Still, globalisation means we are becoming more and more constrained in what we can offer our readership. We’re losing territory that we would have previously had the freedom to write about.

What to do about it, other than invent aliens as I mentioned earlier? Go into the fantasy realms? I know of at least one author that has done exactly that.

Well…. there might be another way… the singularity – when we can load our minds into computers – is edging towards us (see note below) – if we load human minds, why not animal minds or constructed minds? It would certainly let us see things from another perspective.

Now which taboos would I be breaking if I wrote about any of these ideas….

In the meantime I have added some main authors to my science fiction history diagram below. It needs further development, but I’m getting there…

Slide1

Note: There have been quite a few predictions that the singularity will happen soon. My caution is that they’ve recently realised that our brains also rely on quantum mechanical processes as well as the electro-chemical neurological processes. So I think the singularity will happen further in the future than is widely speculated. In the meantime, people will try and that means we will end up with part-ghost minds in the machines.

 

 

 

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2 thoughts on “Progressive Science Fiction – Part 3

  1. # There have been quite a few predictions that the singularity will
    # happen soon.

    I must say I’m a bit of a singularity skeptic. After all, the singularity has already happened multiple times. Fire was a singularity, the invention of writing was one too, the enlightenment was a big singularity. These were all times when society changed dramatically, with consequences that very few people could see. Yet, the more things change, the more they stay the same. If you told our far ancestors all the things we now have today, they would assume we lived in an overabundant world where war, famine, crime, etc, were all things of the past. But we don’t.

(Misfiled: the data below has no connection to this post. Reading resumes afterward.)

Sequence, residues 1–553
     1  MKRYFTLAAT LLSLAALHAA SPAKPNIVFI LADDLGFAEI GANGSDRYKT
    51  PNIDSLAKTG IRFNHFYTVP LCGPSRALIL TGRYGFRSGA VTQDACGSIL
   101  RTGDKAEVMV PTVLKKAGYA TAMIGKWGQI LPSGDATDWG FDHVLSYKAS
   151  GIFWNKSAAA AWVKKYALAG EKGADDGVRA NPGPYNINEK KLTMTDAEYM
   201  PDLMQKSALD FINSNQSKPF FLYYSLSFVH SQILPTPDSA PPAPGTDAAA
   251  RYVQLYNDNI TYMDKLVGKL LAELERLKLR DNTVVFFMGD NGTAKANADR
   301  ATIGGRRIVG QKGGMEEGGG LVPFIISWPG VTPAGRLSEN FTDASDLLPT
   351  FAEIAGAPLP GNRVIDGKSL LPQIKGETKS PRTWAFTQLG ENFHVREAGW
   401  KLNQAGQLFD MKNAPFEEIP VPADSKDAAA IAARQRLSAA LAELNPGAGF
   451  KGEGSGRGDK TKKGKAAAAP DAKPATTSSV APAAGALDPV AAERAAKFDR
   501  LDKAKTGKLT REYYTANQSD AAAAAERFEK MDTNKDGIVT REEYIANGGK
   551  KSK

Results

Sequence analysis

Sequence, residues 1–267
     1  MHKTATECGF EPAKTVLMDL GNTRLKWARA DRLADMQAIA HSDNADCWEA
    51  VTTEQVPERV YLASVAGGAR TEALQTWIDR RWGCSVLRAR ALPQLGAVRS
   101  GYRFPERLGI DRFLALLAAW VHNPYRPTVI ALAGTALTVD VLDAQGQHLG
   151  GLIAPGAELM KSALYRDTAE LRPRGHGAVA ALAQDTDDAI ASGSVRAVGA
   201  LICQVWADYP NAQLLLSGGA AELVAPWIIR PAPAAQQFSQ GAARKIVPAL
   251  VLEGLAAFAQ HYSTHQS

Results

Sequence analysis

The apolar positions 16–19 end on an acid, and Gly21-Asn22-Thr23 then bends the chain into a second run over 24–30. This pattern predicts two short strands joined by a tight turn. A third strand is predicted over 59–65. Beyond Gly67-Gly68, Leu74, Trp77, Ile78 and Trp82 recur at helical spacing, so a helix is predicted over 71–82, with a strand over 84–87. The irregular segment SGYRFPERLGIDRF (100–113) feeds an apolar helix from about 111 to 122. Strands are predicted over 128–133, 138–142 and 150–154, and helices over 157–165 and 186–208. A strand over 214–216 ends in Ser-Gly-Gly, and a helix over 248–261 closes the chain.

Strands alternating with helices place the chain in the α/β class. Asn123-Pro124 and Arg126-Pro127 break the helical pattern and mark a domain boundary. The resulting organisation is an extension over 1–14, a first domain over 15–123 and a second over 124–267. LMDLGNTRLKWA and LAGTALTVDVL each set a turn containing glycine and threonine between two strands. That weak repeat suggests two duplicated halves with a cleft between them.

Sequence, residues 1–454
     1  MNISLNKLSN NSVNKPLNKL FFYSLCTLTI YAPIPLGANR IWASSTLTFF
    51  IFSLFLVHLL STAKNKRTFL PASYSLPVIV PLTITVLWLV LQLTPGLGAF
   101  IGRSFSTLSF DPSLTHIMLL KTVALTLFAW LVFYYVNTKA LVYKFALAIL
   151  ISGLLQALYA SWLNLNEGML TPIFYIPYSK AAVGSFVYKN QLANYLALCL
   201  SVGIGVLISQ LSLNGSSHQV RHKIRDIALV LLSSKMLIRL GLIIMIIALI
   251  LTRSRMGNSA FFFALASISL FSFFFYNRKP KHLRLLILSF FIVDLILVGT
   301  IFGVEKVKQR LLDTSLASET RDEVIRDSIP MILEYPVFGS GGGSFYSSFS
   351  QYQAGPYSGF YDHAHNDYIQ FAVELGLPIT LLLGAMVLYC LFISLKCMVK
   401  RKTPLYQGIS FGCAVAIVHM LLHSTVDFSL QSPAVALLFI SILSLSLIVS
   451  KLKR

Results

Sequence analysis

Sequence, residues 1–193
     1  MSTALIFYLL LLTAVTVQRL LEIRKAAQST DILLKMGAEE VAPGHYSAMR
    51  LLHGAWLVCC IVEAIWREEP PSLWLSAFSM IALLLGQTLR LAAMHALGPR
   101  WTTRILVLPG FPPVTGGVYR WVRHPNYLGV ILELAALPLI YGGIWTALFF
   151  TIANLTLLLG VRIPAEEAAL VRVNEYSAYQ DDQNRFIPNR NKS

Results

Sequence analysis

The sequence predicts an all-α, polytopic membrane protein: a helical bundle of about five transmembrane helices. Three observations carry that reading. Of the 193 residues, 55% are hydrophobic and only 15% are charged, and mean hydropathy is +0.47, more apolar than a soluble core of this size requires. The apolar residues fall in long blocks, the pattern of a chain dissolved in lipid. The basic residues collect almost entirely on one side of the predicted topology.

I’m also wary of the idea of ‘uploading minds’. How do you sample a mind in order to have the data to upload? The only way I can think of to do something like this would be to instantly sample the states of every neuron in a human brain, and then reproduce that “in silico”. Just doing the sampling alone would be a big ask.

    # My caution is that they’ve recently realised that our brains also
    # rely on quantum mechanical processes as well as the electro-
    # chemical neurological processes.

    Here I swing the other way. I’m a skeptic about the things that people claim the (AI/mind uploading) singularity will deliver, but on the other hand I’m not convinced that ‘quantum effects’ are important to this issue. I don’t see any reason why we can’t make ‘thinking machines’ without needing quantum effects. We don’t know yet how important quantum effects are in the brain, and whether they are vital, or just one way of doing something that could be replaced with some other method. I think it’s obvious that neurotransmitters, in the sense of chemicals in the bloodstream, could be replaced by some other signaling system. In this regard thought doesn’t *require* a chemical basis. Equally I question that, just because we see quantum events in the brain, thought *requries* quantum events. We don’t know that.

    # So I think the singularity will happen further in the future than
    #is widely speculated.

    In this I agree with you, but we know so little about how consciousness works that thinking machines could pop out of the woodwork tomorrow, or it may be impossible. Perhaps the next singularity will be biological, not information-technological. Either way, I very much doubt any singularity will deliver the ‘post scarcity’ utopia that has become the rapture of science-fiction.